April 21, 2021

Cultural Tattoos Become Invisible in Wet Collodion Prints

via Puaki

Here’s an interesting fact about photography that you probably didn’t know: The 1800s wet plate collodion photography process can make certain tattoos disappear in photos. It’s a curious phenomenon that photographer  Michael Bradley has put in the spotlight while working on his project Puaki.

via Puaki

Bradley decided to focus his camera on the indigenous Māori people of New Zealand, whose traditional tā moko tattoos have been making a resurgence. Tā moko is different from ordinary tattooing because chisels (called uhi) are used to carve the skin and opposed to using needles and puncturing. As a result, the skin is grooved rather than smooth in the tattoo areas.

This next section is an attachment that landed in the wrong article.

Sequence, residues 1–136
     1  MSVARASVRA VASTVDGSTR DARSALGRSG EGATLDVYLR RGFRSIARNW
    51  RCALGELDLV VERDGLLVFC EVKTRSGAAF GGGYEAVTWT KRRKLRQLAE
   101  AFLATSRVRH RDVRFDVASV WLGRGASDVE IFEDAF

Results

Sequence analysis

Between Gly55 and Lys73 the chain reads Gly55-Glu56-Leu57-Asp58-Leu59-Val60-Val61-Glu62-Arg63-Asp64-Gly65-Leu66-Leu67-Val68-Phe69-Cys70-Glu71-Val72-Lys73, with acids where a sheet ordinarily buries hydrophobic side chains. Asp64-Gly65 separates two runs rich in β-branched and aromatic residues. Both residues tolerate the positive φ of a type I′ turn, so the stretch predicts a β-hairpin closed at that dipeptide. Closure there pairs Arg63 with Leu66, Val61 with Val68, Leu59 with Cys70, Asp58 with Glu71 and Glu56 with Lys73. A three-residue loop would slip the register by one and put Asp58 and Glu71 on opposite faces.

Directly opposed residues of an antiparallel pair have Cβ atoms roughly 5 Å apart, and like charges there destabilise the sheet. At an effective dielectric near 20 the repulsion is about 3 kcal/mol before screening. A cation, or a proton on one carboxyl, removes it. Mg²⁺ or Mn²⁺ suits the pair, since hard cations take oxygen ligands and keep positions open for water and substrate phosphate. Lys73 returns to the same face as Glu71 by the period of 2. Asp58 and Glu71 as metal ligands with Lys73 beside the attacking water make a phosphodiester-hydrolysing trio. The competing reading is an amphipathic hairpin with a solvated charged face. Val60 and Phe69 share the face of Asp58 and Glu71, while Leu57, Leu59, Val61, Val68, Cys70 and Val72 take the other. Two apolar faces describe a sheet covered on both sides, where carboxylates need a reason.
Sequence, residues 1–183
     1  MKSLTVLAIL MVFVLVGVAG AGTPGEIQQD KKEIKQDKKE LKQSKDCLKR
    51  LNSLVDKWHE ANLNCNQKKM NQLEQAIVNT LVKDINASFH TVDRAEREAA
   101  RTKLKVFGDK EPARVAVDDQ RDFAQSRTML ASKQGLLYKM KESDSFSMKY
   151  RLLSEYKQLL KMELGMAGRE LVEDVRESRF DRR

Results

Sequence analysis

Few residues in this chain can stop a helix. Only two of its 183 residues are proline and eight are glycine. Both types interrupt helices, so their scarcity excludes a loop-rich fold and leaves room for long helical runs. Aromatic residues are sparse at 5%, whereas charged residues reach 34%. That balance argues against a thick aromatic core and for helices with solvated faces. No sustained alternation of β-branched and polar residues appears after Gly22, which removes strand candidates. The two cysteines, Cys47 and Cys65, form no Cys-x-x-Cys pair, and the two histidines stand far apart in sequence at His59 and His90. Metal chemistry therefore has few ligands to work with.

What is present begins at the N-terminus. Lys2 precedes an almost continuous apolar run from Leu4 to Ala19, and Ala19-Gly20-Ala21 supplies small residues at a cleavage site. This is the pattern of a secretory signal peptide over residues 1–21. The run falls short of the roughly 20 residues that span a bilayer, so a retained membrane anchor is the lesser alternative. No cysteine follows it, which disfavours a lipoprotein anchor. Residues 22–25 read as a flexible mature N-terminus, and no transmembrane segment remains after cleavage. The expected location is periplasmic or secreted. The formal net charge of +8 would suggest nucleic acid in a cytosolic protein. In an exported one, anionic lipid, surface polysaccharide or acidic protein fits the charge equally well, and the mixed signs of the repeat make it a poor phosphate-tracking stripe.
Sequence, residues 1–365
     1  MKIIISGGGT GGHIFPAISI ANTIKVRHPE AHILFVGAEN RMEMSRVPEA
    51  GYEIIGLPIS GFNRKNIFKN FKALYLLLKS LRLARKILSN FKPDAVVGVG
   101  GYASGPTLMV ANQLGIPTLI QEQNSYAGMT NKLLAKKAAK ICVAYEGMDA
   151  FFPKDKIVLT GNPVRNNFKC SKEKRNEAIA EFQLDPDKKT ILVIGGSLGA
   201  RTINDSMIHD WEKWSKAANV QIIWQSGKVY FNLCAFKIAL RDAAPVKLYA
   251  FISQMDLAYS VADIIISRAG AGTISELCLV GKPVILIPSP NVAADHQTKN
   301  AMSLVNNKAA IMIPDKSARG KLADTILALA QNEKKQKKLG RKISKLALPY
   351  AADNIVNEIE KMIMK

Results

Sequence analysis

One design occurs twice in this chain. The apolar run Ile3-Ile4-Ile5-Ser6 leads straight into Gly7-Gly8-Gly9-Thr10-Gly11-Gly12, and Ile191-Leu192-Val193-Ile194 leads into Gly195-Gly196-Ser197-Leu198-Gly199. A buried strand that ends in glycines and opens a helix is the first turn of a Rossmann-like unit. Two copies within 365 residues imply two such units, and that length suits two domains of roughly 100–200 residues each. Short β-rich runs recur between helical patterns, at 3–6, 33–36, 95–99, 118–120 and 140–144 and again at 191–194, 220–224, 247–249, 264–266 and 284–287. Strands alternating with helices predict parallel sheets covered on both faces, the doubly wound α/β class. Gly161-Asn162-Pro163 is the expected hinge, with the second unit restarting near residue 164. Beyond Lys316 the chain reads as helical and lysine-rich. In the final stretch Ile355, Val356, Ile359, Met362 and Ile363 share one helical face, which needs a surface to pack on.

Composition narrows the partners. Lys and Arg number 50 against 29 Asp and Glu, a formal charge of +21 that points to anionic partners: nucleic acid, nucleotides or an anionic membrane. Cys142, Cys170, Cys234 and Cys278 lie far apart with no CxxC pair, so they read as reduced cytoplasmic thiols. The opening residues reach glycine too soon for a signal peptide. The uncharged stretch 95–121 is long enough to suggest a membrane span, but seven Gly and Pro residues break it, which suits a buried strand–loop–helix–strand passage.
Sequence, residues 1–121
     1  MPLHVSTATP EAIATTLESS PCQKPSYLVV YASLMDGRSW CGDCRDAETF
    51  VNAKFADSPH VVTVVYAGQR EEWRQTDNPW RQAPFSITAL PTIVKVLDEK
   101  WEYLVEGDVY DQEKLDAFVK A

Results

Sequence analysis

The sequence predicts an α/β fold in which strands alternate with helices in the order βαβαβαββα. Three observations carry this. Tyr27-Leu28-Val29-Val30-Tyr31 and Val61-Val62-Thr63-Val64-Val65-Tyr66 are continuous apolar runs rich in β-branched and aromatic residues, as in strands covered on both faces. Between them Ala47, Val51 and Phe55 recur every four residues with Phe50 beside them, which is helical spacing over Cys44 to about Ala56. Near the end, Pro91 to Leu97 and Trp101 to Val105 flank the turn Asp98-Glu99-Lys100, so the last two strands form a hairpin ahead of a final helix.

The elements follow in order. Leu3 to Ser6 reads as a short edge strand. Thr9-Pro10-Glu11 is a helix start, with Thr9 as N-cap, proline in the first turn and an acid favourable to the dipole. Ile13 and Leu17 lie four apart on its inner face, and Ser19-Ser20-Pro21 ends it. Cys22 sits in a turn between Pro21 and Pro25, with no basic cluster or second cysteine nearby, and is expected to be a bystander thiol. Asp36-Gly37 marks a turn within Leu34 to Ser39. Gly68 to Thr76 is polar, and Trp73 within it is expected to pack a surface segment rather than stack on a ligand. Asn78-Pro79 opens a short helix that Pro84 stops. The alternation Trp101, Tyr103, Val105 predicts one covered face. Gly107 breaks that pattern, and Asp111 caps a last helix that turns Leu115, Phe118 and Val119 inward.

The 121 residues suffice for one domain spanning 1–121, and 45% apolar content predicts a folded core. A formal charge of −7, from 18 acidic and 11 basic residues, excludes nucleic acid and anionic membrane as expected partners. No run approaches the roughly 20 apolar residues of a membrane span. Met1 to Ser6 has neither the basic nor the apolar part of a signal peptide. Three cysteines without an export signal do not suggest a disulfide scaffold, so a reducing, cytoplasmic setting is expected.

via Puaki

The photographer had been shooting on wet plate collodion method for a few months and was looking for a long-term project when he saw the image of people with tattoo’s and noticed that some faded away depending on the color of that tattoo.

via Puaki

The concept of his project is ‘to come forth, show itself, open out, emerge, reveal, to give testimony,’ which the artist started hoping to engage the public and make them learn more about tā moko and how Māori culture forms an integral part of modern society.

via Puaki

via Puaki

via Puaki

via Puaki